Wednesday, January 18, 2012

maya means love

I cannot find the words to describe this experience. There are no words to describe this experience! All I hope to do is express my sincere and absolute gratitude for those who helped make this possible. You have changed my life, and hopefully, helped me change the lives of others. Thank you.

Do you know why “clichés” are so overused?

Because they are true!

Home is where the heart is.

But do you know what that cliché doesn’t tell you? That your heart can be in two places at once.

Nepal. After six and a half months together, I can honestly say that you have stolen my heart. Your mountains, your smiles, your temples (no matter how dirty), your buses, your villages, your rolling hills, your elephants and rhinos, your children, your language, your cows, your customs, your hard work, and your Namaste’s have all taken my heart hostage. You have taught me gratitude in a way that I never could have gained in my home land (or at least hometown). Most of all, you have given me lifelong friends. Friends who’ve have shown me that language is never a barrier to love and laughter.

America. You are home to my friends and, most importantly, my family. You raised me. Your clean streets and untangled power lines kept me safe. You taught me lessons of reading, writing and mathematics, not to mention that you kept me pretty well fed. You give me Thanksgiving, Christmas and even St. Patty’s day with my FAMILY! You gave me the opportunity to work, learn and love -- something that very few in our big world ever get. For that I will be forever grateful.

So tell me...How do I survive with my heart in two completely different worlds?

I fear that it might just break in two.

Goodbye my dear Nepal.

And of course,



Karen said...

Kate, you are basically amazing!

Nicola said...

"Do you know why “clichés” are so overused?

Because they are true!"

Exactly. I've never seen the problem with cliches. If the words or the phrase describe exactly how you feel, then they're the right words or it's the right phrase. Cliche or not.

But anyway, I love how you describe Nepal. I've never lived abroad. I'm not opposed to the idea, but I have a condition; the country would have to take me by the hand and say to me "You could be happy here." I'd have to feel a genuine wrench when it was time to come home, as though I was leaving part of myself behind and the only way I could possibly be whole again would be to up sticks and leave.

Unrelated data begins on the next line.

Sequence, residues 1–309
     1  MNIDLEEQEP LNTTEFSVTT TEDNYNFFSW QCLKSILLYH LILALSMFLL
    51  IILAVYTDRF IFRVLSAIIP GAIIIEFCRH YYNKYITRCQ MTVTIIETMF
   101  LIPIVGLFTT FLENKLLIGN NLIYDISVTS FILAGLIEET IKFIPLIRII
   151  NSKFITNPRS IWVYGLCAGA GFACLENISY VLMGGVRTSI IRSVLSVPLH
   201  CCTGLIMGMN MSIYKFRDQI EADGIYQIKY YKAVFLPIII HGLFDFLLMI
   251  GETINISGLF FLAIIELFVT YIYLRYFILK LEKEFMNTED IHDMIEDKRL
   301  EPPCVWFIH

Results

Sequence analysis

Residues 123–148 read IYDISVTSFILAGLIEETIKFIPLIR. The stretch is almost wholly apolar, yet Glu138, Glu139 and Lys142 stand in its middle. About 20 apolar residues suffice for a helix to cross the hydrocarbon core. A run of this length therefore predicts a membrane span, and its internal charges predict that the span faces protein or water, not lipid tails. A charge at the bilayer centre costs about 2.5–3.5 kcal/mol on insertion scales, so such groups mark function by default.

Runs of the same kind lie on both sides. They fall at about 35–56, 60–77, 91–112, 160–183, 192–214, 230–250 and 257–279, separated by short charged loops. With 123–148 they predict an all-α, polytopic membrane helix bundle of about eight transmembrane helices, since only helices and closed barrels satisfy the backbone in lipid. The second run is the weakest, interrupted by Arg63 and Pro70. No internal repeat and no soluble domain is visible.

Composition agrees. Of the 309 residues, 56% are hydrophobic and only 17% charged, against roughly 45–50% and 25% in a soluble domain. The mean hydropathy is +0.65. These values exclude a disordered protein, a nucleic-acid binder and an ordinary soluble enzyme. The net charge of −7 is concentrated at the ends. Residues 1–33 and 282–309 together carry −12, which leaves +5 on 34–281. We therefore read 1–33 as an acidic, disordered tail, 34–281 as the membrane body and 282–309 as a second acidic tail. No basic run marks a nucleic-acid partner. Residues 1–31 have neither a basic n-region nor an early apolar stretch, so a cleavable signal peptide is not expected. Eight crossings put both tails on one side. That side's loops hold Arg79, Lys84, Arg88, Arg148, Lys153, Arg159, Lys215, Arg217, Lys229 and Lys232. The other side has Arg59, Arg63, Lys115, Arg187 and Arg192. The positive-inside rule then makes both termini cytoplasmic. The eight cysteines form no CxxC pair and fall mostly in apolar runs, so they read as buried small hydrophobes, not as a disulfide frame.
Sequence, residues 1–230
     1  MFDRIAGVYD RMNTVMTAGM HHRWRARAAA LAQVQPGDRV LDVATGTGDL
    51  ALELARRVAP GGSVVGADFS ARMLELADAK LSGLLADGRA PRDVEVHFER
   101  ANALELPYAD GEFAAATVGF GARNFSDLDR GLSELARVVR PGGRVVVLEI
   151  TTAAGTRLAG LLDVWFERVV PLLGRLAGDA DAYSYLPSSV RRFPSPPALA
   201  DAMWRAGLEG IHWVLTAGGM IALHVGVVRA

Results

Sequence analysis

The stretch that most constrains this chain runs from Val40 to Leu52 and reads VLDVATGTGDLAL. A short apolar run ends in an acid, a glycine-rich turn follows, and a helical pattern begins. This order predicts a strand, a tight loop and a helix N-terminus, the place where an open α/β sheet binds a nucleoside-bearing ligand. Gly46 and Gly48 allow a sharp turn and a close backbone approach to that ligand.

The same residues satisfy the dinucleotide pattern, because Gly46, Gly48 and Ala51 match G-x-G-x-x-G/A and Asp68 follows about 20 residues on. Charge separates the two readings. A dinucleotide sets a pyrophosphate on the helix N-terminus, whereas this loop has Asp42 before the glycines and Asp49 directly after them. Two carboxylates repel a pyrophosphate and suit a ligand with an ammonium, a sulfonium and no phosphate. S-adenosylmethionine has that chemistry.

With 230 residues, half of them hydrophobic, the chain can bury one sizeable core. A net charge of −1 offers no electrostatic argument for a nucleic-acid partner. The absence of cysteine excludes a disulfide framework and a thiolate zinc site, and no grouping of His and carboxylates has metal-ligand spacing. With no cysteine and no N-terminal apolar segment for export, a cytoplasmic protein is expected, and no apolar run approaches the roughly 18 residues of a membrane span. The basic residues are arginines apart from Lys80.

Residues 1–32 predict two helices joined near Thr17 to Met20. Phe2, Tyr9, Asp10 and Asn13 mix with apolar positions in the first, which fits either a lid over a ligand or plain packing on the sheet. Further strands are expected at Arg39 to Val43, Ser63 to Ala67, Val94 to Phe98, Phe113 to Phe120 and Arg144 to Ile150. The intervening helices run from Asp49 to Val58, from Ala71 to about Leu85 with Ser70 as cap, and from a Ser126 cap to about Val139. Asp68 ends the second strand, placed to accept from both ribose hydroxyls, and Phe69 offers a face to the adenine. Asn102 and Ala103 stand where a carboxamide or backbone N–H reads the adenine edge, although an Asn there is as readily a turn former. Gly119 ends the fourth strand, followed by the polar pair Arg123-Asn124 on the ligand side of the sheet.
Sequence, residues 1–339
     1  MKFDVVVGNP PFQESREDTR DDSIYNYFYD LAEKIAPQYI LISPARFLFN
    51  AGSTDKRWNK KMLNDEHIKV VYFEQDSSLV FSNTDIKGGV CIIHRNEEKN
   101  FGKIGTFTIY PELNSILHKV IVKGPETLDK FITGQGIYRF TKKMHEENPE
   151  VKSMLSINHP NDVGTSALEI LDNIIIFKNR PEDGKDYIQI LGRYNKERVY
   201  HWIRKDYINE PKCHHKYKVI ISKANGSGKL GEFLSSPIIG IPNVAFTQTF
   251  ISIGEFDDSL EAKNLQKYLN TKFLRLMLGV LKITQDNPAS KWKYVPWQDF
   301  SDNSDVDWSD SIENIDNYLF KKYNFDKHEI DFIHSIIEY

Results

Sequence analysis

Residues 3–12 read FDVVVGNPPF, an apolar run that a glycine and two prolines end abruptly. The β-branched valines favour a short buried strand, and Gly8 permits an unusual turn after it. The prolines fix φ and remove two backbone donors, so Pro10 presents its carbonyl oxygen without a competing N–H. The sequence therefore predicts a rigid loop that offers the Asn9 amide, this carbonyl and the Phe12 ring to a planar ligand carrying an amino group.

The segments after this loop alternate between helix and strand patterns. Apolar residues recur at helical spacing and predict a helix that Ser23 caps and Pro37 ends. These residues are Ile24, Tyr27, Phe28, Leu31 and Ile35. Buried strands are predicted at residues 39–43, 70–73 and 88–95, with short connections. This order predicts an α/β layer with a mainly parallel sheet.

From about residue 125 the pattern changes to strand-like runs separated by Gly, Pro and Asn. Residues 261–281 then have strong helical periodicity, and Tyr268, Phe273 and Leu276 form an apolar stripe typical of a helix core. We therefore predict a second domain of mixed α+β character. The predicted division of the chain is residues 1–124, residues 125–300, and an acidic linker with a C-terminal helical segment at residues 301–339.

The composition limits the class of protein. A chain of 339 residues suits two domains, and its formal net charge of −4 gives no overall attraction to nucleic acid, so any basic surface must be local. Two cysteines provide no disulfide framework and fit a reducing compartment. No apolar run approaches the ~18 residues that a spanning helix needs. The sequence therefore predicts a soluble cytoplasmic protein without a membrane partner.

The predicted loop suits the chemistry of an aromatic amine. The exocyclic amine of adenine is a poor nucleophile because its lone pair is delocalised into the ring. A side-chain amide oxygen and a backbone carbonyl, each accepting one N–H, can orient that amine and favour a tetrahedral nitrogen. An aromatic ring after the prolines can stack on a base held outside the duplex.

A close friend emigrated about six or seven years back now, and it took her a long while to open up and let the new country in. Her parents were busy worrying about overseas medical insurance, visas, passports and that kind of thing, she was worrying about what she'd left behind and whether she'd lost it for good. And even when she found things she liked, she felt that she was somehow being disloyal to England.

She adjusted of course, and now she rarely has a good word to say about England. And that winds me up, but that's just the way she chose to deal with it. Me, I think I'd want to keep both countries close to my heart if I could, even if it did feel like my heart was breaking. No-one will ever be able to take away what Nepal has given you, nor what America has.

Diane said...

Hi Kate,

I found your blog by looking up a scripture (that brought me to your posting about Januk and Primary.) My 12 year old daughter and I are planning a "walkabout" and we will be in Nepal and southeast Asian next spring: March-May. Any chance you would be willing to give us a little coaching on where to go and where to be. We have a contact in Kathmandu, so we aren't going totally blind. But, we love great ideas that get us a better results!


Diane said...

Oops, I didn't leave you a way to contact me if you see this and decide to respond: